You find you have a nationwide network. And that is so critical because when you're ready to do something new, you sit down and say, "Who is in my network?" I would say to anyone at any stage: Get involved with groups in your industry. In your younger days you're taking from those groups. And, when you get more experienced in whatever you do, you will give back to those groups.

Q. You continue to have a very successful career. To you, what is career success?
A. I think it's loving what you're doing. I've always felt very fortunate that I've always loved what I was getting paid to do. I always loved advertising, I loved marketing, and I love what I do now at The Three Tomatoes Newsletter.

I think that's the key to anyone's success. I think you would be hard pressed to find anyone who has been successful in an endeavor who has hated what they do. It doesn't mean every day you get up saying, "Oh, my gosh, this is great." Obviously, there are lots of days you get up and say, "Oh, gosh, I have to face this client or that challenge." But overall, it was loving the business I was in, and the people in that business, and feeling that adrenaline. And yes, I loved doing that.

Q. What's next for you?
A. Who knows! (Laughs.) I have no idea. I love The Three Tomatoes. That's the thing I'm having the most fun with these days. I'm spending a lot of time on it, and we'll see where that takes me.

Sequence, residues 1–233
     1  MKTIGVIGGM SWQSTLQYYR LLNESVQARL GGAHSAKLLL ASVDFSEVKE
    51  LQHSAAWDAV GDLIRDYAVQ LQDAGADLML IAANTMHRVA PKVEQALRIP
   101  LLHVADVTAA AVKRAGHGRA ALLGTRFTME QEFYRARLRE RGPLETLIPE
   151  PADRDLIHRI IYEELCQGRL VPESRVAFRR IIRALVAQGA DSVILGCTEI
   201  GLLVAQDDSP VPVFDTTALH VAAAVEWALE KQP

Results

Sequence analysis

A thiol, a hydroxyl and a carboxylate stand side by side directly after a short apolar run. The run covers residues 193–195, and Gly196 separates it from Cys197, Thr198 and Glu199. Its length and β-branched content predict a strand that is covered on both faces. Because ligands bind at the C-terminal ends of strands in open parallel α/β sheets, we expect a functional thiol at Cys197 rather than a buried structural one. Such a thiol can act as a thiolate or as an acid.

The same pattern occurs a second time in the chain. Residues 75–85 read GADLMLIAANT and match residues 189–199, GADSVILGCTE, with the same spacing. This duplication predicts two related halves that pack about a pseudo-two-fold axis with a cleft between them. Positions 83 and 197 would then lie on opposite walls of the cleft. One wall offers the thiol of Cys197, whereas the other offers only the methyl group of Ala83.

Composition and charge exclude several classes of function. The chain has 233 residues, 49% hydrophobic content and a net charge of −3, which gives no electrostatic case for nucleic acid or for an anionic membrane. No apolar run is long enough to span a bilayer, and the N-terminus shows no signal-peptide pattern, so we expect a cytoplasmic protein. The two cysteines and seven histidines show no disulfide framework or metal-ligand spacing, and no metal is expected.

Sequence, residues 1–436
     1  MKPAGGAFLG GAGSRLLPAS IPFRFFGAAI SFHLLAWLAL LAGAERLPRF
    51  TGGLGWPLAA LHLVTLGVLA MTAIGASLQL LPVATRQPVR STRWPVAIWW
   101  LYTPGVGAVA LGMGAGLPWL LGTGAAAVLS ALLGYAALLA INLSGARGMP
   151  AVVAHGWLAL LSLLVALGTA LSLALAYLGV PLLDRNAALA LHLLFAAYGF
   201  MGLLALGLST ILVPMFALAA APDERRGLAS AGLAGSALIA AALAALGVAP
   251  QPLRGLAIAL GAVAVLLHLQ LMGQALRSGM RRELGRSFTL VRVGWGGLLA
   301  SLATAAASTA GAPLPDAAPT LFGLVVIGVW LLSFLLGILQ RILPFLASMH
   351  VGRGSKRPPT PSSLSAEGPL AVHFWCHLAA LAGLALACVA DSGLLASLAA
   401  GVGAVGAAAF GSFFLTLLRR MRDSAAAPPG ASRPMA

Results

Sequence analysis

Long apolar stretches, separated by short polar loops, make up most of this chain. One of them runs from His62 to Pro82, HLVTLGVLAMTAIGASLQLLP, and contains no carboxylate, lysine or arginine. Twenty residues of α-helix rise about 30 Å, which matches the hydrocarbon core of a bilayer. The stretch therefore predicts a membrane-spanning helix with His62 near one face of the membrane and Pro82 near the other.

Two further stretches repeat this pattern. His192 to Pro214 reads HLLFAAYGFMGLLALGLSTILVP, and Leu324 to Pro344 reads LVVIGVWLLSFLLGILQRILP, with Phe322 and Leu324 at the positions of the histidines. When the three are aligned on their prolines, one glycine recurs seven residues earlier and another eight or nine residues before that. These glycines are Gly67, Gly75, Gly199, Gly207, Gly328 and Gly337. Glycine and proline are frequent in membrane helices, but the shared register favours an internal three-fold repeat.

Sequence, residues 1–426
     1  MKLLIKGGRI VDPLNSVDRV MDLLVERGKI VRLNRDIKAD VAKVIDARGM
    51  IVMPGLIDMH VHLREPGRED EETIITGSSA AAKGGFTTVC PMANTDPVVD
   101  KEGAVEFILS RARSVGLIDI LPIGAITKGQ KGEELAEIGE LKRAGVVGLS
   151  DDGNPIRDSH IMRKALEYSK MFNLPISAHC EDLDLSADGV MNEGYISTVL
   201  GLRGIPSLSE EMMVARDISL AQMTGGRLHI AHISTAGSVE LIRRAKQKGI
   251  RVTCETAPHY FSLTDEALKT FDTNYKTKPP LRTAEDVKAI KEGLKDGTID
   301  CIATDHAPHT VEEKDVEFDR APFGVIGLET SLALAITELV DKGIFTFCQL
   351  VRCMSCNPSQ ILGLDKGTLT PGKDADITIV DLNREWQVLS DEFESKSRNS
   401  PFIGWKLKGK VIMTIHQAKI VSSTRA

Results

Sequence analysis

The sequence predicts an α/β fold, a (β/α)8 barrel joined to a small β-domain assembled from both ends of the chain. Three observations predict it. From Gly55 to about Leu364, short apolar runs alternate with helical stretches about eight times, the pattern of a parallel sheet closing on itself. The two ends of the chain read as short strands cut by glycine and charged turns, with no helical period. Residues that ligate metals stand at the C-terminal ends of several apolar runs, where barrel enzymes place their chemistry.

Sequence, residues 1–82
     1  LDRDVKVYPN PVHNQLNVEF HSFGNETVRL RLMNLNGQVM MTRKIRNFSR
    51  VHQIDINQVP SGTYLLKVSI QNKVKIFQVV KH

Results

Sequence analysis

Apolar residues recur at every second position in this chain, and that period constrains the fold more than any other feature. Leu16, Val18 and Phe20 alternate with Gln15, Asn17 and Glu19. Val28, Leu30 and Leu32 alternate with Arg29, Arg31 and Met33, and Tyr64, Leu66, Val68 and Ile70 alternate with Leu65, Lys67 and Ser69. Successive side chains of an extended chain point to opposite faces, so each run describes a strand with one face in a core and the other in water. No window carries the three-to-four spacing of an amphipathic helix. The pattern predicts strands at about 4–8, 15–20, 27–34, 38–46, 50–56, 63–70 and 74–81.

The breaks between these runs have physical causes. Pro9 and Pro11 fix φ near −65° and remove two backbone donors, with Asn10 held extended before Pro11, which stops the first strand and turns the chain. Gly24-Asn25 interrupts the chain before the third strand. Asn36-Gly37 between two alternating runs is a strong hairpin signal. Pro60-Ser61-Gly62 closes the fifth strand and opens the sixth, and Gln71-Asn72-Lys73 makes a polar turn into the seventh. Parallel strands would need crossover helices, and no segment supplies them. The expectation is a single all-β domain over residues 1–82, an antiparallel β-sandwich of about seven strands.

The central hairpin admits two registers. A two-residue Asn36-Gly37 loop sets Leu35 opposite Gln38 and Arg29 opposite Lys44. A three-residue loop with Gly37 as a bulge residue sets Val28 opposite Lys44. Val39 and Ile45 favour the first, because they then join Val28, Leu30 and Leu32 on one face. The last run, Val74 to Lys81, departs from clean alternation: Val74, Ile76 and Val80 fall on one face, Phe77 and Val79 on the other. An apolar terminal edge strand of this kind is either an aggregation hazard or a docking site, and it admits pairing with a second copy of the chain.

I started out teaching, so kids and education have always been very important to me. So, I've become very involved with a couple of non-profit groups that work with New York kids and education. That has fulfilled that other piece of me. And, that goes back to figuring out what has been important to you all along. Look at what you are passionate about.

Author's Bio: 

James O. Armstrong, who serves as Editor and President of, which is The Resource for Job Transitions over 40, also wrote "Now What: Discovering Your New Life and Career after 50." In addition, he is the Cofounder with his wife of Armstrong Solutions Inc., which is a Counseling, Coaching and Career Management Practice with a reduced fee schedule to expand their services to a larger group of men and women with needs. Armstrong also serves as President of James Armstrong & Associates, Inc., which is a national and international media representation firm serving Central US and Canada out of his Suburban Chicago base.